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If you’re considering backing up your SQL Server database to the cloud, there are many compelling reasons. Not only will you have an offsite copy of your data for business continuity and disaster recovery purposes, but you can save on CAPEX by using Microsoft Azure for cost-effective storage. And now, you can choose to backup to Microsoft Azure even for databases that aren’t running the latest version of SQL Server – creating a consistent backup strategy across your database environment.
SQL Server has these tools and features to help you back up to the cloud:
To show you how easy it is to get started with SQL Server Backup to Microsoft Azure Tool, we’ve outlined the four simple steps you need to follow:
Prerequisites: Microsoft Azure subscription and a Microsoft Azure Storage Account. You can log in to the Microsoft Azure Management Portal using your Microsoft account. In addition, you will need to create a Microsoft Azure Blob Storage Container: SQL Server uses the Microsoft Azure Blob storage service and stores the backups as blobs.
Step 1: Download the SQL Server Backup to Microsoft Azure Tool, which is available on the Microsoft Download Center.
Step 2: Install the tool. From the download page, download the MSI (x86/x64) to your local machine that has the SQL Server Instances installed, or to a local share with access to the Internet. Use the MSI to install the tool on your production machines. Double click to start the installation.
Step 3: Create your rules. Start the Microsoft SQL Server Backup to Microsoft Azure Tool Service by running SQLBackup2Azure.exe. Going through the wizard to setup the rules allows the program to process the backup files that should be encrypted, compressed or uploaded to Azure storage. The Tool does not do job scheduling or error tracking, so you should continue to use SQL Server Management Studio for this functionality.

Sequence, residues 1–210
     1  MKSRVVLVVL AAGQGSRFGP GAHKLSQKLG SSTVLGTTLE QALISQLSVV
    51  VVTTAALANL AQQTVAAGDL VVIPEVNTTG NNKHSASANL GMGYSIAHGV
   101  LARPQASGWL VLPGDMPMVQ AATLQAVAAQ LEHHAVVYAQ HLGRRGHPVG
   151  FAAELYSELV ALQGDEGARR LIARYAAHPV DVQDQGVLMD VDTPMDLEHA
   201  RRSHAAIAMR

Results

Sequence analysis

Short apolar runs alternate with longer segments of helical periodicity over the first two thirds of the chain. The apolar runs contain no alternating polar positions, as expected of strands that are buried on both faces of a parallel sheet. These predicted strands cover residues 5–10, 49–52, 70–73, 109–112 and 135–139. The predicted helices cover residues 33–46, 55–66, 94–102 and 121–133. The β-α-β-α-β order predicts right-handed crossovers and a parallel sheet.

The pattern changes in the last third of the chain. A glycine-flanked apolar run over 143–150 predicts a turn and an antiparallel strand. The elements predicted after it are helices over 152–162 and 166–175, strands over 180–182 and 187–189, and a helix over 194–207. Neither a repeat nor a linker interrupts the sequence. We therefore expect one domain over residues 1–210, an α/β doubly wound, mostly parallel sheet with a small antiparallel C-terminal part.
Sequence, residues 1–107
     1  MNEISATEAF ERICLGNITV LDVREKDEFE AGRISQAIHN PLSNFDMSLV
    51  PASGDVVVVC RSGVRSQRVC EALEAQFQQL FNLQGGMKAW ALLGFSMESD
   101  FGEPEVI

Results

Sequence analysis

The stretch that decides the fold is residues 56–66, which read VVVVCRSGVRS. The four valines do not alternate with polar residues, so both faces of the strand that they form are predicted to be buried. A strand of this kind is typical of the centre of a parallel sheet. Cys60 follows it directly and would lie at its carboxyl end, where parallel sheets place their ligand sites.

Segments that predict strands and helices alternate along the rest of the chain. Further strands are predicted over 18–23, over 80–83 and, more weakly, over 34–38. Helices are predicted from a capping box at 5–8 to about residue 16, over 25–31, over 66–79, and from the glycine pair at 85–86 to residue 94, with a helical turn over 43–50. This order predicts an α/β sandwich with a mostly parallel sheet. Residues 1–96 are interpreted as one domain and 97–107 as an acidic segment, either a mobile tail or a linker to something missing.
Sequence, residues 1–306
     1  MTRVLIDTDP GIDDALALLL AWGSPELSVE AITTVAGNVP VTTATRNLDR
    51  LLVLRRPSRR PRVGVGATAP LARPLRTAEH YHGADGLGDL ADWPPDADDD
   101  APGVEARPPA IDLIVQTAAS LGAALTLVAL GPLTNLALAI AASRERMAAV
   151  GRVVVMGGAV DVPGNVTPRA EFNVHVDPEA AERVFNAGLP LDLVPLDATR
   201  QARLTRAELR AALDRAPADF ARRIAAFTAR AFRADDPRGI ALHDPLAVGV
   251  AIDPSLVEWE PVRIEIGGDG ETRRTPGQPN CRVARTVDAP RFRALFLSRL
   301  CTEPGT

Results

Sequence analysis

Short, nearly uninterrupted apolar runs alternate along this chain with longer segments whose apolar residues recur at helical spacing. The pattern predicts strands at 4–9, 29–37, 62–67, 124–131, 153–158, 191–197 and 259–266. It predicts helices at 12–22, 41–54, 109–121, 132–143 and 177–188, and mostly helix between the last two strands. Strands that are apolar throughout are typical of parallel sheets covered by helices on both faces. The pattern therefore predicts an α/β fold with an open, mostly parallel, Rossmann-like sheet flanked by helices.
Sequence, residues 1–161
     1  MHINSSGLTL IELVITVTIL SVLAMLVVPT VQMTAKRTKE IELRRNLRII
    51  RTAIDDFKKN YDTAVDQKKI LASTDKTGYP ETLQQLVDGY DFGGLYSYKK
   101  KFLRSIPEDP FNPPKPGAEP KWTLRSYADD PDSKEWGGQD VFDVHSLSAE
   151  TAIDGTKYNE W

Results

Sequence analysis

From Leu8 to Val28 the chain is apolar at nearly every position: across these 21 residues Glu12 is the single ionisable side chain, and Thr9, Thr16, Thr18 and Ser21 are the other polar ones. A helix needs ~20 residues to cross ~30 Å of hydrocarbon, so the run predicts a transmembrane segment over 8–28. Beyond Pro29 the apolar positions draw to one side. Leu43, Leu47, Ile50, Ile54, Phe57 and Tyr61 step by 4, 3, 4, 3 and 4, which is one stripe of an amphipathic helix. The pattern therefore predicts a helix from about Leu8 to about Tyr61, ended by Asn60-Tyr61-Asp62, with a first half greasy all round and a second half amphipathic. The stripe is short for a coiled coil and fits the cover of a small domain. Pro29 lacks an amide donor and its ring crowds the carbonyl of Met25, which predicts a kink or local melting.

On the Rules page, click Add to create a new rule. This will launch a three screen rule entry wizard.
The rule will tell the Tool what local folder to watch for backup file creation. You must also specify the file name pattern that this rule should apply to.
To store the backup in Microsoft Azure Storage, you must specify the name of the account, the storage access key, and the name of the container. You can retrieve the name of the storage account and the access key information by logging into the Microsoft Azure management portal.
At this time, you can also specify whether or not you wish to have the backup files encrypted or compressed.
Once you have created one or more rules, you will see the existing rules and the option to Modify or Delete the rule.
Step 4: Restore a Database from a Backup Taken with SQL Server Backup to Microsoft Azure Tool in place. The SQL Server Backup to Microsoft Azure Tool creates a ‘stub’ file with some metadata to use during restore. Use this file like your regular backup file when you wish to restore a database. SQL Server uses the metadata from this file and the backup on Microsoft Azure storage to complete the restore.
If the stub file is ever deleted, you can recover a copy of it from the Microsoft Azure storage container in which the backups are stored. Place the stub file into a folder on the local machine where the Tool is configured to detect and upload backup files.
That’s all it takes! Now you’re up and running with Backup to and Restore from Microsoft Azure.
To learn more about why to back up to the cloud, join Forrester Research analyst Noel Yuhanna in a webinar on Database Cloud Backup and Disaster Recovery. You’ll find out why enterprises should make database cloud backup and DR part of their enterprise database strategy.
The webinar takes place on Tuesday, 7/29 at 9 AM Pacific time; register now.